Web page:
Sunday, March 25, 2012

It Could be a Two-Fer

Vice President Biden will attempt to put US-Iraqi relations on a firmer footing, getting Iraq to halt their support for Assad of Syria. A little history of Iraq's leadership ambitions would be in order to make some progress.

Wars against Iran (1980-1988) and Kuwait (1990-1991) smashed Iraqi ambitions for leadership roles in the region through territorial conquest. War with America in 2003 smashed that strategy of winning through aggression for good (we hope). A strong American alliance could be the basis for Iraq to finally get what they've wanted, but without aggressive wars.

Iraq is hosting an Arab League summit:

A summit of Arab leaders, held here for the first time in a generation, is a prime opportunity for Iraq to reassert itself as a political player in the Arab world after years of war, isolation and American occupation.

It also puts Iraq's Shiite leadership under pressure to pick a side in the bitter sectarian politics dividing the region. The top item on the agenda — the crisis in Syria — is seen by Iraq's suspicious Arab brethren as a litmus test of whether Baghdad is with them or with their top rival, Shiite-led Iran.

It may be that Iraqi support of Assad at Iran's request is simply a means of getting some concessions from the Sunni Arab world. And then there's the satisfaction of paying the Sunni Arab world back for their years of funneling jihadis into Iraq to kill Iraqis and American troops. Sure, sending their angry young men to Iraq where Americans, Iraqis and others could kill them (sorry about the mayhem they unleashed) seemed clever to Arab rulers at the time, I'm sure. But now the consequences must be faced.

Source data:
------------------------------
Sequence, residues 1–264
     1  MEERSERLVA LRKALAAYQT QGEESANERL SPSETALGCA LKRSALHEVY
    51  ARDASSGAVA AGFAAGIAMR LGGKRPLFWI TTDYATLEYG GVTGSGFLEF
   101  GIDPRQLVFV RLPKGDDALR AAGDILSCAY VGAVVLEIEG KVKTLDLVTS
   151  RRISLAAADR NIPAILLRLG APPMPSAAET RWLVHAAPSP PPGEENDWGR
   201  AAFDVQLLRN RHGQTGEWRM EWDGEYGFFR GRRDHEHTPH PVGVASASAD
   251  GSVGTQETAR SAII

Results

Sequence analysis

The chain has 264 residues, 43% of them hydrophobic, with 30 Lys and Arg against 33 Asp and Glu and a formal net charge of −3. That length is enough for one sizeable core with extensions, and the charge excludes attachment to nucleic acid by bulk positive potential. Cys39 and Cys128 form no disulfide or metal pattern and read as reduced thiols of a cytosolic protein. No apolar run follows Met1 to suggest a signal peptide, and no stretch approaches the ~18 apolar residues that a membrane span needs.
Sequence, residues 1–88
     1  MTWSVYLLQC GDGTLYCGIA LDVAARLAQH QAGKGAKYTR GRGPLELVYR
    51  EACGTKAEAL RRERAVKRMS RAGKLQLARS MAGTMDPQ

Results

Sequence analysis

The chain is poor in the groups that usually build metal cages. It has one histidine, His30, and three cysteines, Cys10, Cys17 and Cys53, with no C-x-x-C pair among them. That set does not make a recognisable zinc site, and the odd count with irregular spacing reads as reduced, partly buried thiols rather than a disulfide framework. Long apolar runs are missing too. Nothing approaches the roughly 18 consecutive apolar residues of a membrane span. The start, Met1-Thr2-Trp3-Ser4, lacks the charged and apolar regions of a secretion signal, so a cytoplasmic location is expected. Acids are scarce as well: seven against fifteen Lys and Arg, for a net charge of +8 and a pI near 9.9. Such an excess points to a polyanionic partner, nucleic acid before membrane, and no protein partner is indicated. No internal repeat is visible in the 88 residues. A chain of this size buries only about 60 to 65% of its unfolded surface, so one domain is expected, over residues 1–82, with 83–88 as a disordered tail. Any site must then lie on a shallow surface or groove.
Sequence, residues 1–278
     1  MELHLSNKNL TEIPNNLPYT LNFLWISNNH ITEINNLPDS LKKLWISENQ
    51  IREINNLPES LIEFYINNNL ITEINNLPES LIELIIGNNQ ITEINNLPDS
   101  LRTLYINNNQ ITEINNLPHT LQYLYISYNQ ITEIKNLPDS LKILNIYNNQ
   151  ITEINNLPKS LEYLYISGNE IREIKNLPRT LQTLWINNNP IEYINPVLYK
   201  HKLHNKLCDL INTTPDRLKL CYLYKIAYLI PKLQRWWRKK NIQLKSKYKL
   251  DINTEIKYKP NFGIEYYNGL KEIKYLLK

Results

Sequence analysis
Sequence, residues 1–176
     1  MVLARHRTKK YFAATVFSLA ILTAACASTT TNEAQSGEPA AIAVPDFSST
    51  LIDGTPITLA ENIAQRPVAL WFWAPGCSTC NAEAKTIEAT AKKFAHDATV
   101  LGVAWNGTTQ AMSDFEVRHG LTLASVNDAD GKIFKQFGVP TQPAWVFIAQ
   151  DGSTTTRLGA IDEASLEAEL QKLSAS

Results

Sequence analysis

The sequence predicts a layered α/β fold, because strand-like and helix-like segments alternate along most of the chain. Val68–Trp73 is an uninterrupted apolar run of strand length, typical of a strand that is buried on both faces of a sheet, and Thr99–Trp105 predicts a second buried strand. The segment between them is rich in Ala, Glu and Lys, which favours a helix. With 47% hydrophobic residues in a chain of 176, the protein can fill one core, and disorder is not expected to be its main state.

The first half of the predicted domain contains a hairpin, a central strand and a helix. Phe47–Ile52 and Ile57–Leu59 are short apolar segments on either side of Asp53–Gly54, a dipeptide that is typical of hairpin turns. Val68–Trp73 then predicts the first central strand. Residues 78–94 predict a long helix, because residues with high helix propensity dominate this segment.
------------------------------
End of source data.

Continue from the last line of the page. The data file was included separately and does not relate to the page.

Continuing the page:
And we are trying to get Iraq to choose wisely:

The first major test of U.S. post-war influence in Iraq is now raging over efforts to stop Iran from funneling arms to Syria through Iraqi airspace, but the Iraqis are either unwilling or unable to assure the United States the shipments will cease.

In the short run, if we get Iraq to turn on Iran over this issue, it may not be our position that sways Iraq's leaders but the prospect of gaining influence with Sunni Arab states. That would establish a path for Iraq that leads to a stronger alliance with America.

Iraq does have to choose a path. Iraqis wanted to be the leader of the Arab world before, and the invasion of Iraq in 1980 was supposed to be a nice trophy prior to hosting an Arab League summit a couple years later. The war stopped that summit and despite Iraqi attempts to portray themselves as the Sword of the Arab world, the Arab world wanted nothing to do with the war. At the time, Egypt was knocked out of the leadership position because the Egyptians made peace with Israel. Iraq wanted the role. By the time the war ended, Egypt had exploited the war and Iraq's single-minded focus on winning it--to regain a leading role in the Arab world.

And now, with Egypt in turmoil and flirting with an Iran whose nuclear ambitions make Sunni Arab states nervous, Iraq has an opportunity again to be a leader in the Arab world.

Face it, Iraq can't be the leader of the Shia world since Iran has the lead there even without Iraq following them. And the Arab world won't follow Iraq if Iraq follows Iran. If Iraq wants a leadership role befitting their stature, as they see it, they need to mend fences with the Sunni Arab world, defy Iran and turn against Syria's Assad (who is responsible for lots of death in Iraq, let's not forget), and seek closer relations with America in order to get the military power needed to back regional leadership ambitions. In the long run, that will be a strong incentive for Iraq to come to their senses in regard to military cooperation with America.

And really, if Iraq manages to parlay their American friendship and stature in the Arab world into a leadership position in the Arab world by standing up to Iran, the ultimate defeat of Iran would catapult Iran into the leadership of the Shia world, too.

If anyone needs truly smart diplomacy right now, it is Iraq. Could they blow this opportunity?